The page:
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"I believe that to meet the challenges of our times, human beings will have to develop a greater sense of universal responsibility. It is the foundation for world peace."

Obama's Timidity on Tibet

August 23, 2010

The Obama administration's silence only encourages China's abuses.
The Wall Street Journal
August 20, 2010

Over the past few years, Beijing's repressive
policies have increasingly alienated Tibetans.
One indication was the March 2008 uprising and
riots across Tibet. Yet Beijing responded not by
moderating its policies but by intensifying
repression—launching a "patriotic education"
campaign and targeting members of the educated
elite, many of whom have long gotten along with,
and even flourished within, the communist system.
Among these are the writer Tragyal, long
associated with the state publishing house, who
awaits trial on charges of "splittism," and Dorje
Tashi, a businessman and hotel owner, who
received a life sentence in June for allegedly
collaborating with human-rights groups abroad.

Beijing has taken the same approach to criticism
from abroad over its handling of Tibet,
significantly raising the stakes by identifying
Tibet as a "core interest." Beijing has given
notice that unless the world adopts a "correct
understanding" of Tibet by spurning any view
contrary to the Communist Party line, there will
be consequences for bilateral relations and it
will be difficult for China to cooperate on the
global economic recovery or other issues.

Washington has bent under the pressure. President
Obama refused to schedule a meeting with the
Dalai Lama until after his November 2009 visit to
Beijing, although he did speak about Tibet there.
Afterward, U.S. Ambassador to Beijing Jon
Huntsman adopted Beijing's line, stating that the
president's meeting with the Dalai Lama, and
recent U.S. arms sales to Taiwan, had "trampled
on a couple of China's core interests." These
actions have serious implications for U.S.
support for Tibet, for activists for freedom
inside China, and the Dalai Lama and his democratic government in exile.

Often, when Chinese officials present their
position on Tibet, senior U.S. officials cede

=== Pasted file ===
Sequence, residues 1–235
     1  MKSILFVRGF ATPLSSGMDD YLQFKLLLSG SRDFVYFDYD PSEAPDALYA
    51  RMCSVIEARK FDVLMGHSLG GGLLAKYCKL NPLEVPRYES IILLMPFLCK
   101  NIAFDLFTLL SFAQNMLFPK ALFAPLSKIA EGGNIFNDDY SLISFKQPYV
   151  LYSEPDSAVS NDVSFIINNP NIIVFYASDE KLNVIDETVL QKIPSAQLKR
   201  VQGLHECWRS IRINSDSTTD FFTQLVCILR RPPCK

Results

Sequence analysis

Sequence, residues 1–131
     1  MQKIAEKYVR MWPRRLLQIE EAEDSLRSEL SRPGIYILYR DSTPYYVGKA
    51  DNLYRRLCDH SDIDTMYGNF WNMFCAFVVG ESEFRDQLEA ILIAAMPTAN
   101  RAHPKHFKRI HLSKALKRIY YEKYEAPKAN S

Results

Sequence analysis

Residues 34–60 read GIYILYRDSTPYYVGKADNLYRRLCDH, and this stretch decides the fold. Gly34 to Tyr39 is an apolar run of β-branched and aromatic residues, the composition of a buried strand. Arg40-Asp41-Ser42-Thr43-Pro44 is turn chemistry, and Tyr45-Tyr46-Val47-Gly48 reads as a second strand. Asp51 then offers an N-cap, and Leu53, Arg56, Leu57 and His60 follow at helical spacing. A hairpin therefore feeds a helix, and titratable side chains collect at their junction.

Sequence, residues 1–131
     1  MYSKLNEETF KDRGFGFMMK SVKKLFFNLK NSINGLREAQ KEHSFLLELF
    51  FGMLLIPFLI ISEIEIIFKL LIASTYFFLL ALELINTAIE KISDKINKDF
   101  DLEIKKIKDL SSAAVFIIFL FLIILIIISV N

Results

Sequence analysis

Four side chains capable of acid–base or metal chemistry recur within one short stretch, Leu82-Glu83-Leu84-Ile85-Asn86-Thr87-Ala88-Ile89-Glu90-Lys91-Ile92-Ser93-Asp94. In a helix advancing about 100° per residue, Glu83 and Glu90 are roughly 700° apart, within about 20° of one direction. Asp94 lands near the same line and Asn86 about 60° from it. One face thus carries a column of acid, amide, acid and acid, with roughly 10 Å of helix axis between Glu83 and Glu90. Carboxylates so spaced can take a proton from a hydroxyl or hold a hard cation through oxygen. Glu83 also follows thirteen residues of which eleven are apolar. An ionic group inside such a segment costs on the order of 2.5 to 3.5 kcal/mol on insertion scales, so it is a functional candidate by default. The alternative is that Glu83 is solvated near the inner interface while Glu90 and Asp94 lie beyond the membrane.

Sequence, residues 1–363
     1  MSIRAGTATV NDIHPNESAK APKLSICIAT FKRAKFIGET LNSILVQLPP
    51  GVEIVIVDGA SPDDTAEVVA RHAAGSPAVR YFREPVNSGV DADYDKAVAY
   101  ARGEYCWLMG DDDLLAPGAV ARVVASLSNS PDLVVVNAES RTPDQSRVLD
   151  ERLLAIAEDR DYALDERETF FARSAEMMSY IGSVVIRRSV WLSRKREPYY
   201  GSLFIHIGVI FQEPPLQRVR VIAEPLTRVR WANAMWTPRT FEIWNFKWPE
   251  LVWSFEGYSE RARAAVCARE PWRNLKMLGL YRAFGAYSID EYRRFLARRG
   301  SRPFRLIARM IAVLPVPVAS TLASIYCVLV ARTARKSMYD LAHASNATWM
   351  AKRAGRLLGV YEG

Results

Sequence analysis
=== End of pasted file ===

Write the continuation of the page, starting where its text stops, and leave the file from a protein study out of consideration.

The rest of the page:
ground by saying nothing publicly. Indeed, the
words "Tibet" and "Dalai Lama" have gradually
disappeared from the administration's vocabulary.
Washington's official statements about the April
earthquake in Yushu, an area that is 97% Tibetan,
did not refer to Tibetans or Tibet.

The silence was even more troubling at the
Strategic and Economic Dialogue, major talks the
U.S. and China held in Beijing in May. State
Councilor Dai Binguo presented China's view on
Tibet in his remarks at a joint session but
Secretary of State Hillary Clinton did not
respond or mention Tibet publicly. It was left to
Xinhua, the official Chinese news agency, to state the U.S. position.

At a routine press briefing several days later,
State Department Spokesman P.J. Crowley deflected
a question about the way Tibet was handled during
the talks, saying "It's hard for me from halfway
around the world to describe everything we
discussed," despite having just given remarks on
the U.S. positions on Burma and North Korea presented during the S&ED.

The silence of the Obama administration is
peculiar since U.S. policy on Tibet is clear.
Spelled out in the Tibet Policy Act, it supports,
among other things, talks between the Dalai Lama
and Beijing and respect for Tibetans' human
rights and religious, linguistic and cultural heritage.

Past administrations have faithfully carried out
this policy. The 2009 annual report on
negotiations between Beijing and the Dalai Lama,
required under the Act, recounts extensive
contacts about Tibet between President George W.
Bush and General Secretary Hu Jintao as well as
between Chinese interlocutors and other American
officials, such as the coordinator for Tibetan
affairs, a position first created by Secretary of State Madeleine Albright.

The current Tibet coordinator, Under Secretary of
State for Global Affairs Maria Otero, was not
included in the giant U.S. delegation to the
Strategic and Economic Dialogue. Her predecessor
in the post, Paula Dobriansky, traveled to China
four times and met with the Dalai Lama 13 times.
The 2010 report, due in March, was only submitted to Congress on Wednesday.

The administration's downplaying of Tibet
undermines Chinese liberal intellectuals and
activists who have criticized Beijing's policies
on Tibet at great risk to themselves. After the
March 2008 uprising, a Chinese think tank called
the Open Constitution Initiative issued a report
challenging Beijing's position that the riots
were incited by the Dalai Lama and criticizing
the crackdown that followed. This organization
was later shut down and its staff harassed.

In addition, 29 intellectuals, lawyers and
activists signed an open letter in March 2008
supporting dialogue with the Dalai Lama and
urging and end to official propaganda vilifying
him and Tibetans. One of them, Liu Xiaobo was
later prosecuted on subversion charges for his
writings and sentenced to jail for 11 years.

American officials should know by now that
nothing is gained by acquiescing to China's
overbearing behavior on Tibet or any other issue.
Adapting to Beijing's "correct understanding" of
Tibet undermines not only the Dalai Lama and
human rights for Tibetans, but also America's own
"core interest" in seeing these respected in
Tibet and China as well. To be credible, America
must clearly and publicly pursue a well-established policy on Tibet.

Ms. Bork is director of democracy and human
rights at the Foreign Policy Initiative.
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